• Hypothesis #2: The number of mouse-clicks taken to complete the information retrieval exercises; an indicator of IR performance. Fewer mouse-clicks would indicate a better performing portal.

  • Hypothesis #3: The information retrieval exercise scores; an indicator of better IR performance. Higher scores would be an indication of better information retrieval performance.

  • Hypothesis #4: Users' portal preference; a statement of portal preference from the user.

Selection and Pair-Matching of the Portals Used

A 50-portal simple random sample was drawn from the list of all, at the time the study was conducted, 2,174 ALWPs found in the USA provided by the University of California at Berkley (located at http://sunsite.berkeley.edu/Libweb/). The paired portals were matched by their Carnegie Classification (Shropshire, 2003). The portals were also matched by portal type, as defined by McDonald (2004).

Each of the 50 portals in the sample drawn of portals was reviewed by the author and assigned a score for image pertinence. The image pertinence score ranged from “1” (for LIP) to “3” (for HIP).

The total pertinence of the images found in the portal was then divided by the total number of images found on the portal. This resulting number was assigned to the library portal as its image pertinence score. (See Appendix 1 for a list of the 50 portals and their image pertinence scores.)

The Information Retrieval Exercises

The subjects required two sets of information retrieval tasks to perform; one for each of the two portals. A pool of questions was prepared using a log of questions asked by students at the reference desk at the host college's library during a two month period in the fall term of 2005. The exercises were modeled after the “browsing and searching” information seeking behavior described by Choo, Detlor and Turnbull (1999, 5). The questions were pre-tested on the portals used in the study by the author (Hersh, Pentecost and Hickam, 1996). These information exercises were presented to the subjects on paper.

The Questionnaire

A Web-based questionnaire software package (Perseus SurveySolutions 6) was used to create the study's questionnaires and to gather the responses and perform preliminary data analysis. The questionnaire included ten demographic questions, ten questions about the search experience and the subjects' portal preference and a final open-ended fill-in-the-blank question soliciting their comments about “library Web sites.”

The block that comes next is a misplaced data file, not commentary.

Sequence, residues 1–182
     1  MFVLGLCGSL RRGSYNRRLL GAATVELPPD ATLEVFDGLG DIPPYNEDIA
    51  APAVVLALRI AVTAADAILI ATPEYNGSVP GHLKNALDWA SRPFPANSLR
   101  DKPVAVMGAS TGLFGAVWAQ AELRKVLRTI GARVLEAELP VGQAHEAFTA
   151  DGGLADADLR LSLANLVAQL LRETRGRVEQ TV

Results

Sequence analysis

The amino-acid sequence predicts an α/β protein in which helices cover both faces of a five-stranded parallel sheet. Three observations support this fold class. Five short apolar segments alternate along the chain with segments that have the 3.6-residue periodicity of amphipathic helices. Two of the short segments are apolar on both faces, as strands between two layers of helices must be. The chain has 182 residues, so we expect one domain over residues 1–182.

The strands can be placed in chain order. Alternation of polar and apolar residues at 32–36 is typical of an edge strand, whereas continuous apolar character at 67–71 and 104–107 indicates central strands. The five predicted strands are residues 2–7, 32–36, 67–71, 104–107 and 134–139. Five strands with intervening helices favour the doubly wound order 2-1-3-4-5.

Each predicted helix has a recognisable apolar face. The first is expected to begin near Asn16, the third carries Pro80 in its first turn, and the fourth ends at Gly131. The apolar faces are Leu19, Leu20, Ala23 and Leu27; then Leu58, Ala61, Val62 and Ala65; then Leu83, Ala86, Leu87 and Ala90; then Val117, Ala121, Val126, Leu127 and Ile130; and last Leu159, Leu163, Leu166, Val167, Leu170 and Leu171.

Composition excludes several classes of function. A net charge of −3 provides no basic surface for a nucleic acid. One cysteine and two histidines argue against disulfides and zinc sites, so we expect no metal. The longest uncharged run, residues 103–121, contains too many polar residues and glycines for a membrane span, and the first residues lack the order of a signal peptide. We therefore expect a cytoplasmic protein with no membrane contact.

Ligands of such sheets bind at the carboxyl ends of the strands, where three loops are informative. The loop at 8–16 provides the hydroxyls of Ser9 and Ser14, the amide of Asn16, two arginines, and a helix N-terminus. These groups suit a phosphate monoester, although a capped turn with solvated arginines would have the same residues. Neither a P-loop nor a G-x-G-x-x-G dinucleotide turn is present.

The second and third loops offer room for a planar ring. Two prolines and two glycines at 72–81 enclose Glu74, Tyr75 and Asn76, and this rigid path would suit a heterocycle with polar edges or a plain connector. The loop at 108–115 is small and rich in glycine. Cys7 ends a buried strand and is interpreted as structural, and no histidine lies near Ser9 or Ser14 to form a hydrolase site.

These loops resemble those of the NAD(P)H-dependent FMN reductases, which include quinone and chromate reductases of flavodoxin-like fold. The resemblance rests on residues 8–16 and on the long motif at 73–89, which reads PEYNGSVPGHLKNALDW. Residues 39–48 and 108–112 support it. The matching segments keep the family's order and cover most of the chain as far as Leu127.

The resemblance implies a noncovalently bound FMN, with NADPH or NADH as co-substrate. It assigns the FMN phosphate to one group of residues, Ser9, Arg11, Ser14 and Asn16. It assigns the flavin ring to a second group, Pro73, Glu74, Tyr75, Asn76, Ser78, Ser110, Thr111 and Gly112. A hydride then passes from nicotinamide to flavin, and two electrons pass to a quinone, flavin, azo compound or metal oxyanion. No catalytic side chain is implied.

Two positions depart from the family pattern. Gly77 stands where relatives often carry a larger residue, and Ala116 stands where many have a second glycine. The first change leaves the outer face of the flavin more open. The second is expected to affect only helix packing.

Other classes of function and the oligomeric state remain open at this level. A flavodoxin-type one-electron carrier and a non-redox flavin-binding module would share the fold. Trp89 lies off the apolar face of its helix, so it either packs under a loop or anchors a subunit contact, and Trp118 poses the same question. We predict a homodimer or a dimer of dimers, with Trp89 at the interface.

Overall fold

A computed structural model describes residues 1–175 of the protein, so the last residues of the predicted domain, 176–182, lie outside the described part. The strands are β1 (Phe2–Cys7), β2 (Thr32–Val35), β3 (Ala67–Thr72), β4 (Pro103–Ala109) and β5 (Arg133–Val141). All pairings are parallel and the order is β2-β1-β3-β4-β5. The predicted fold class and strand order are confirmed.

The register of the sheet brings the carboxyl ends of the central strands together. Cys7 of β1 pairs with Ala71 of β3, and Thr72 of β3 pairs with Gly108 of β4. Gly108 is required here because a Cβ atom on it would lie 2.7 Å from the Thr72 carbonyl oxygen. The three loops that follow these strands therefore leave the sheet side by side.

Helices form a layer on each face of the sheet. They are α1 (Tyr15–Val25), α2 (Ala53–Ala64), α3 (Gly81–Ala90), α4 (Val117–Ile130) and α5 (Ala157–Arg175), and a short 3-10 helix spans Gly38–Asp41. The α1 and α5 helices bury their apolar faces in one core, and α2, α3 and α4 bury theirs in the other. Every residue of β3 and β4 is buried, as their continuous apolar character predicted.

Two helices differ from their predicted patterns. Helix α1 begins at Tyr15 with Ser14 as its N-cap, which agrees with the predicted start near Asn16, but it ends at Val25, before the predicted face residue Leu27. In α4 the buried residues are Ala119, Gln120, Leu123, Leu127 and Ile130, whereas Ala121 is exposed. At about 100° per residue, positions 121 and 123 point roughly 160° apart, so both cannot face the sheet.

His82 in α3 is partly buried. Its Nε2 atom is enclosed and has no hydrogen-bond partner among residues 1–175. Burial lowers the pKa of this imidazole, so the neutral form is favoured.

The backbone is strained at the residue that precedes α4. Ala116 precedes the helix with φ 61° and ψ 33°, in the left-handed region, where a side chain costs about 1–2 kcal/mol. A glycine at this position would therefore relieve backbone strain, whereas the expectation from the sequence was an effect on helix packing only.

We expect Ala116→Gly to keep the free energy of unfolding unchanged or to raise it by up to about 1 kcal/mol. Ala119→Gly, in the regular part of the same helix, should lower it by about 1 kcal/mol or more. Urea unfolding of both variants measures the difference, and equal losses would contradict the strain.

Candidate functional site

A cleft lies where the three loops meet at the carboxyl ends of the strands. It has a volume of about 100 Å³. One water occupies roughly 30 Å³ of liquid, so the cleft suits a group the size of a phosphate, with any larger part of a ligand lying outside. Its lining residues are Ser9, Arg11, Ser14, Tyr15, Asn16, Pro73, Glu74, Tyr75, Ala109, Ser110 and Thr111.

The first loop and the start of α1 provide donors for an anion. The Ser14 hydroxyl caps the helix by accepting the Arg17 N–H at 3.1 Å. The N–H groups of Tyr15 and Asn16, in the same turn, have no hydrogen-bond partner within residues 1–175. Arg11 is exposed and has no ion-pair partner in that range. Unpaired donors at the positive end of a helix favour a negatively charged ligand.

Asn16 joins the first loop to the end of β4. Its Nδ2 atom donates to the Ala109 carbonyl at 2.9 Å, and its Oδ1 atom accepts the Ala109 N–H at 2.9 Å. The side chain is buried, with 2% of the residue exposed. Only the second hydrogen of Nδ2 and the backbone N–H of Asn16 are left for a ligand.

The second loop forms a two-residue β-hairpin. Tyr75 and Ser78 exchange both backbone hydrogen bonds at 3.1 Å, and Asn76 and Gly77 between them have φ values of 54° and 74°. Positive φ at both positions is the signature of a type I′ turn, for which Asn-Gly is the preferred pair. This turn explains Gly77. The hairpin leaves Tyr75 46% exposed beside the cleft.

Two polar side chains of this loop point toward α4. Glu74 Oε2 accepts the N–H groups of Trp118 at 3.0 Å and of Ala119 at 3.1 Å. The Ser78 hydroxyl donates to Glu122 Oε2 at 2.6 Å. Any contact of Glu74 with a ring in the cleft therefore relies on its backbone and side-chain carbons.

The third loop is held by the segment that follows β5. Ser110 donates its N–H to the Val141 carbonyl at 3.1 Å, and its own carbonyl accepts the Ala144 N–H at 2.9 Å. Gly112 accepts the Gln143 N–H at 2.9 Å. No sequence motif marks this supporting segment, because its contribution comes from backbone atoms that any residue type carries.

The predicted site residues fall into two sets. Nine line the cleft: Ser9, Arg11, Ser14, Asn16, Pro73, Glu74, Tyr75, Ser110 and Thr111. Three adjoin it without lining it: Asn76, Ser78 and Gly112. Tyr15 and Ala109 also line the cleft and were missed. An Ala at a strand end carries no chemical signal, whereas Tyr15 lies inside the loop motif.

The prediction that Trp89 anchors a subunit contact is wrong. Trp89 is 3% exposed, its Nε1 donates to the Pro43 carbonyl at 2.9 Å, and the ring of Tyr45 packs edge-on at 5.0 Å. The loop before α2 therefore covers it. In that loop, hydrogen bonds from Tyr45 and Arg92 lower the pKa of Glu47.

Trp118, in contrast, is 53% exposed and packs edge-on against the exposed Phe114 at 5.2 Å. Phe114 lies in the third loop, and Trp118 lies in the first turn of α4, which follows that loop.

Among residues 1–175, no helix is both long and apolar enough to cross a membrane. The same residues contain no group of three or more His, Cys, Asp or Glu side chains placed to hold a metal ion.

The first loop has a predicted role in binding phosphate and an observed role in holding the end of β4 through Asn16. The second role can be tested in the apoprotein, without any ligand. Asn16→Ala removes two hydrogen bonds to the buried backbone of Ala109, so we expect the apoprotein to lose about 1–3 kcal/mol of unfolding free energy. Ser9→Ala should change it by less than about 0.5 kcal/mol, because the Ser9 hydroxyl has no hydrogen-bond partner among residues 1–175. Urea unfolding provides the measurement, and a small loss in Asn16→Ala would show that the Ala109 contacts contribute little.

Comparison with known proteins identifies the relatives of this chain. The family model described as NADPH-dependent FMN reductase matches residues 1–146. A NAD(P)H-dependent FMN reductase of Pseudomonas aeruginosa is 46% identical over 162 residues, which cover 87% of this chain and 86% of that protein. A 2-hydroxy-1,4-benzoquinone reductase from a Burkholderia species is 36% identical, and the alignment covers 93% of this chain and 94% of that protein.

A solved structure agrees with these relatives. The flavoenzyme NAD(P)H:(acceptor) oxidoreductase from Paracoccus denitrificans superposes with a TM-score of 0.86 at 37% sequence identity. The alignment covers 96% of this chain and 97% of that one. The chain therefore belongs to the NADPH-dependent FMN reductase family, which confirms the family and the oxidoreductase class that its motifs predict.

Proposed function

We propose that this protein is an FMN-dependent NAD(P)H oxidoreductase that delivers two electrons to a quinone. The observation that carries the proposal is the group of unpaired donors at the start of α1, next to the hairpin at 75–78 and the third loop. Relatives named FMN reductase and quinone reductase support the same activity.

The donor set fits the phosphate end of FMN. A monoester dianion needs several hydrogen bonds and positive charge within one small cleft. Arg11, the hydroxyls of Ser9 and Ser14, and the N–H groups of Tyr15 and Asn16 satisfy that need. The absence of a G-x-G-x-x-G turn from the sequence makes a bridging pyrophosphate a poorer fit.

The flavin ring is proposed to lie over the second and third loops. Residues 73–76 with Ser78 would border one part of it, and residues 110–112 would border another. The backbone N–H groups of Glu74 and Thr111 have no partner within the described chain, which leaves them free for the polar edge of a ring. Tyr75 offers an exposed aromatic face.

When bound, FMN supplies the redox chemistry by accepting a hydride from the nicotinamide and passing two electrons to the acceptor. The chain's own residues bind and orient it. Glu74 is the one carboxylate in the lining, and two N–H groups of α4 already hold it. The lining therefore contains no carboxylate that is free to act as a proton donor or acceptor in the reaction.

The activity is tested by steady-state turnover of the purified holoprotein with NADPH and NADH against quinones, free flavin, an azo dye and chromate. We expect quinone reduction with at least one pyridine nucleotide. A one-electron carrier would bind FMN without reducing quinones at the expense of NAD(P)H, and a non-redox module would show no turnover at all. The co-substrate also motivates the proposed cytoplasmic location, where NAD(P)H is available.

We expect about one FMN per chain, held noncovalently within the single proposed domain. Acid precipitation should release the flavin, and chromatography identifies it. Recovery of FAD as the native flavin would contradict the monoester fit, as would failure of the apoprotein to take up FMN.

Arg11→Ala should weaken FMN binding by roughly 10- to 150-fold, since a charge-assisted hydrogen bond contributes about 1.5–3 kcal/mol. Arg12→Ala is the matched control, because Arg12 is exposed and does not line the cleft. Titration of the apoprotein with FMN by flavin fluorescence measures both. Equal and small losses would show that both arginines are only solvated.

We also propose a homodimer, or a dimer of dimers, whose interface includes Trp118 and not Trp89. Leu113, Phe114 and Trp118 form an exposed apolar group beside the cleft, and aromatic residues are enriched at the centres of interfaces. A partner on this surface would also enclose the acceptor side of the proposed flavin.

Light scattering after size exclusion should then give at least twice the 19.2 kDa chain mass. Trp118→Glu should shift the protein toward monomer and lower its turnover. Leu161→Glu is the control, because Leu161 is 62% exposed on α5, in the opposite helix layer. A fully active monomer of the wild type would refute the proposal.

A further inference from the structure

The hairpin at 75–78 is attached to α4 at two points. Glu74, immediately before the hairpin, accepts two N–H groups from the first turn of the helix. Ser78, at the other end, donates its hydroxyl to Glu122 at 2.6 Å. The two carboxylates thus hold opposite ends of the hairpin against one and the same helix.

The questionnaires were pre-tested on four individuals who were representative of the student subjects who were to participate in the study to ensure that the instruments were not confusing, and that the instruments elicited the desired response from the subjects. The information retrieval exercises were similarly pre-tested.

The Sample

The sample size for the student subjects was set at 100, given the following calculations: The target population of this research is users of the library. The student population of the host institution for the study, St. Francis College, is 2000. Pareto's 20/80 rule would indicate that 400 (20% of 2000) of those students are users of the library 80% of the time. With an error rate of 8.5%, a 95% confidence rating would require a sample of 100. (This calculation was performed using the Sample Size and Confidence Interval Calculator found at http://survey.pearsonncs.com/sample-calc.htm.)

A sample of 100 subjects is the optimum size for an exploratory study such as this. Any patterns of user preference for portals should begin to appear within the data created from this sample size. Because this was a preliminary study, and a pilot study had not been previously conducted, there was not an established level of standard deviation to use to apply a more traditional formula for the determination of sample size such as Sproull's (1995).

Announcements were posted on bulletin boards throughout the host site. Faculty were asked to announce the study to their classes. A $100 American Express gift card raffle was offered as an inducement for participation.

The sampling method used for the student subjects was simple convenience. Whoever responded to the call for volunteers was allowed to participate.